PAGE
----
Anyone Else Surprised by How Much Owning a Home Costs?

Updated on February 23, 2012
J.T. asks from Oradell, NJ
24 answers

I guess this is more of a vent but is anyone else just shocked how much owning a home costs? Everyone wants to buy but renting seems easier and cheaper. There seems to always be something to fix or update etc. 2011 was a new roof, refinish the kitchen floor from water stains eating at it, lots of work on the master bath bc it was leaking down to the kitchen, the bathtub faucets broke-off etc. Now the upstair carpet is getting disgusting, the hot water heater seems to be going, some windows are so hard to open and shut, the garbage disposal already broke and had to be replaced, at some point we should actually buy bedframes, our dishwasher sucks etc. Anyone else have an idea what they spend on "maintenance, replacements" etc a year?

ETA: some people seem to be implying we didn't budget well when we bought the house. That's not the case at all. We actually paid cash for the house so no mortgage. We live well below our means. But doesn't mean I'm not still annoyed by all the expenses and do wonder how people fare who stretched some to buy their house. I agree with one post that home ownership is not a good investment unless you time it just right. I guess people do more work themselves than us and shop around but all that takes time that is valuable too when you have little kids. I think part of my post is a call out to people who are dying to buy. Renting doesn't seem all that bad! I'd like our house to look really nice but it seems like an uphill battle and a money pit.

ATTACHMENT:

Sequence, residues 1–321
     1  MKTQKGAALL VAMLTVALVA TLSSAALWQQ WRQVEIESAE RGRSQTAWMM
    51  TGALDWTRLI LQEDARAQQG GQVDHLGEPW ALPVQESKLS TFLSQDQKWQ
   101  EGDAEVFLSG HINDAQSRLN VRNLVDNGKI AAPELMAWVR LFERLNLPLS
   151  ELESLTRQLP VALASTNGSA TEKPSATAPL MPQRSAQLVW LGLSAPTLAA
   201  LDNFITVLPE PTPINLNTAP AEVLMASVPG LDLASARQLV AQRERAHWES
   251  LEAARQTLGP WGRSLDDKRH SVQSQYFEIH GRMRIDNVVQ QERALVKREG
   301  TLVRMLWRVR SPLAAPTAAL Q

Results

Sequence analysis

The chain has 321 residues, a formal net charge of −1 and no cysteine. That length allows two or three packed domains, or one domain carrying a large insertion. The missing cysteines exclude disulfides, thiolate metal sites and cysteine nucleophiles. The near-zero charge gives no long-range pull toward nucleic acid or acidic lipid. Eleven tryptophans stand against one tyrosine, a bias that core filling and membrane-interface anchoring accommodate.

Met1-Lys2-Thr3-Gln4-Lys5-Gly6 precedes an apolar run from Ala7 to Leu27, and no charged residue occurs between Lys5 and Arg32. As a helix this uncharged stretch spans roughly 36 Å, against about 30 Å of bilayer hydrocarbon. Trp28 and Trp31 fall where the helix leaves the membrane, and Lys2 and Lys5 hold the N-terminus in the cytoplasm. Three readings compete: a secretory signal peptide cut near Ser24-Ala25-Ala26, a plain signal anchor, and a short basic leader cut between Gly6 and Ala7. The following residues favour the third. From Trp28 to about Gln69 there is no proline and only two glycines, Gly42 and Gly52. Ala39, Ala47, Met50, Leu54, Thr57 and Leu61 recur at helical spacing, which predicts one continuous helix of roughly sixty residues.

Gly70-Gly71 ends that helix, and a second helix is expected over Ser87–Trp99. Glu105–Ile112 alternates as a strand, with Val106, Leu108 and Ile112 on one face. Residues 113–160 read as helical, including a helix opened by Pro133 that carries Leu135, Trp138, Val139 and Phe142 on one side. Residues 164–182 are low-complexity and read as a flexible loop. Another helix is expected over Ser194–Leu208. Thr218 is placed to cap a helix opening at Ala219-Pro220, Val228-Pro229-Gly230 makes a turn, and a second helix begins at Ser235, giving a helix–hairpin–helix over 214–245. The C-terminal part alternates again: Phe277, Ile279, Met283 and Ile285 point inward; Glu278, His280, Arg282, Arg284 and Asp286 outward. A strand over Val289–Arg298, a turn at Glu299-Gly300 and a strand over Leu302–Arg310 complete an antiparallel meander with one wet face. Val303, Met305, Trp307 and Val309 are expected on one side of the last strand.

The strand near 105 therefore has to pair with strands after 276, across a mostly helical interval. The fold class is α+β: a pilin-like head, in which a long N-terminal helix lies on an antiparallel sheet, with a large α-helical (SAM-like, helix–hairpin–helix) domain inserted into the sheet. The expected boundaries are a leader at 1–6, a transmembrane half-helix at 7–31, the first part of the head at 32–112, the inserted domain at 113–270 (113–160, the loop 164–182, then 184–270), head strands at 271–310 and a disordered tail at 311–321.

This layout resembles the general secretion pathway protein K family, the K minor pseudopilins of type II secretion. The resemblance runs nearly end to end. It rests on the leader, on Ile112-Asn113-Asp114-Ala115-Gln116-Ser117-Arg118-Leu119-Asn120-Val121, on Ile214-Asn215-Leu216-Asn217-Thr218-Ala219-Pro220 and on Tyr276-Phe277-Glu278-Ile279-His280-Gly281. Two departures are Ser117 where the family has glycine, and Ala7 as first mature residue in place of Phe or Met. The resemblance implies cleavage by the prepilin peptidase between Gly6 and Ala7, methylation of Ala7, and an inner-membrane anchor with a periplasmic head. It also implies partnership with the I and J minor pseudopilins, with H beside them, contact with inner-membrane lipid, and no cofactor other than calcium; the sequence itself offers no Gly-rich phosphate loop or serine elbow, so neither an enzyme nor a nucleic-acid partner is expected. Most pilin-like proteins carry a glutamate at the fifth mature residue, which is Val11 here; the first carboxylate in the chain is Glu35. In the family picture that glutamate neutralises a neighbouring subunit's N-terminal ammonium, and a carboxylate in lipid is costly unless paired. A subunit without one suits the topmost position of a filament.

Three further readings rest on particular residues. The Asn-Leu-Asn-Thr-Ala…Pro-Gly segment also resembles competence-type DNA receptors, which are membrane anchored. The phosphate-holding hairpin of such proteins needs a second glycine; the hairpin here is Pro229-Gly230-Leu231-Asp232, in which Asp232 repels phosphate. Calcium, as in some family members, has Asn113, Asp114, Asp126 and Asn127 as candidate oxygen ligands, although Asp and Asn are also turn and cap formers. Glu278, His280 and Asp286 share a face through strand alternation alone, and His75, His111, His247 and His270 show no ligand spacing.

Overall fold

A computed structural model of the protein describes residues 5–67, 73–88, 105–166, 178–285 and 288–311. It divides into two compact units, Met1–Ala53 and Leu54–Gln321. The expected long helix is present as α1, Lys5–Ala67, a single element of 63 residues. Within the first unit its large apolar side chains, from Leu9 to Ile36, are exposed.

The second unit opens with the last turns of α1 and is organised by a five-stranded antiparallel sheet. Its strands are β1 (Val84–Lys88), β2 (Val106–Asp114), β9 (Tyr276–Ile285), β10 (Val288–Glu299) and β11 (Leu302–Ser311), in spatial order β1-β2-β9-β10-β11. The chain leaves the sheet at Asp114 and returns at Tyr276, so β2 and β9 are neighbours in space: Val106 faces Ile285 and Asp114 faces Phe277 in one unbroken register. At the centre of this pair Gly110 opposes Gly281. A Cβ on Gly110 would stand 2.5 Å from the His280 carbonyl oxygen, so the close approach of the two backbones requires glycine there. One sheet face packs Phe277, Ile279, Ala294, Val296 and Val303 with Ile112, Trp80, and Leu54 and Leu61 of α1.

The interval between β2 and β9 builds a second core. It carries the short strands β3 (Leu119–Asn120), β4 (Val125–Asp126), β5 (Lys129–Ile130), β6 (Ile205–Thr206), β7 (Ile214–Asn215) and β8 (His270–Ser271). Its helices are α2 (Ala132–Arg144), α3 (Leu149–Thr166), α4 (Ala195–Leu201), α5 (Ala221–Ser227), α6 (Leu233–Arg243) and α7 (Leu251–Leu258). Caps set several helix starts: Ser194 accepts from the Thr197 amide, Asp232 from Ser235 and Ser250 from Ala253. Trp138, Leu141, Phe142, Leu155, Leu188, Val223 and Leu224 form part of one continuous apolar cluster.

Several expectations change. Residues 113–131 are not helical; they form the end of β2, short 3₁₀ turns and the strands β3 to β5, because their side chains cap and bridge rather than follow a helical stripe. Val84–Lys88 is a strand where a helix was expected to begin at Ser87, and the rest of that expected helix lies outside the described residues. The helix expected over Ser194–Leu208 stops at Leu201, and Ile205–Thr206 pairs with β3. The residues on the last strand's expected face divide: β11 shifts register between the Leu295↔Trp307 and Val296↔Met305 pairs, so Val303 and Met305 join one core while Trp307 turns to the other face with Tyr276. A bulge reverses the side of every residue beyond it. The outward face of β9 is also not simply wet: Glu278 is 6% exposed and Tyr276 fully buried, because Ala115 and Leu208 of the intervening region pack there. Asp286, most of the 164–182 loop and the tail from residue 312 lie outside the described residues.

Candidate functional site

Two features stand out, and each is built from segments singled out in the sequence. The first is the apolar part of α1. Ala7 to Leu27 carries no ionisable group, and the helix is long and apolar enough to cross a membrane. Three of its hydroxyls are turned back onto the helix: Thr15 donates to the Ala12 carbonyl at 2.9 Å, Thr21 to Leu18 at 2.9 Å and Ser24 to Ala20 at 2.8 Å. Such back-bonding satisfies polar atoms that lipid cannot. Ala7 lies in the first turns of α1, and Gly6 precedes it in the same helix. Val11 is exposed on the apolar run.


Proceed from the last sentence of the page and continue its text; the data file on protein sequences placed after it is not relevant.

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answers from Pittsburgh on

I don't have a number for you, but is does seem like there's ALWAYS something that needs changed, fixed, updated or replaced, doesn't it? I think that's always a shock for home buyers.

For some people--renting IS the answer. In some cases, it just makes more sense. But overall, real estate is usually a good investment, especially if you are "in it" for the long haul.

I've always borrowed HALF of what the bank says I'm "approved" for and that definitely leaves wiggle room, so that has always helped us a great deal. So does enough of a down payment that PMI is not required. So does being otherwise debt free (no credit card debt, car payments, etc.
I just don't ever want to be a slave to a mortgage!

7 moms found this helpful


answers from Washington DC on

if it weren't for the fact that my husband is an absolute wizard with home repairs and renovations there's no way we could afford to live on this farm. there are always always always more things on the 'need to fix' list than he can keep up with.

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answers from San Antonio on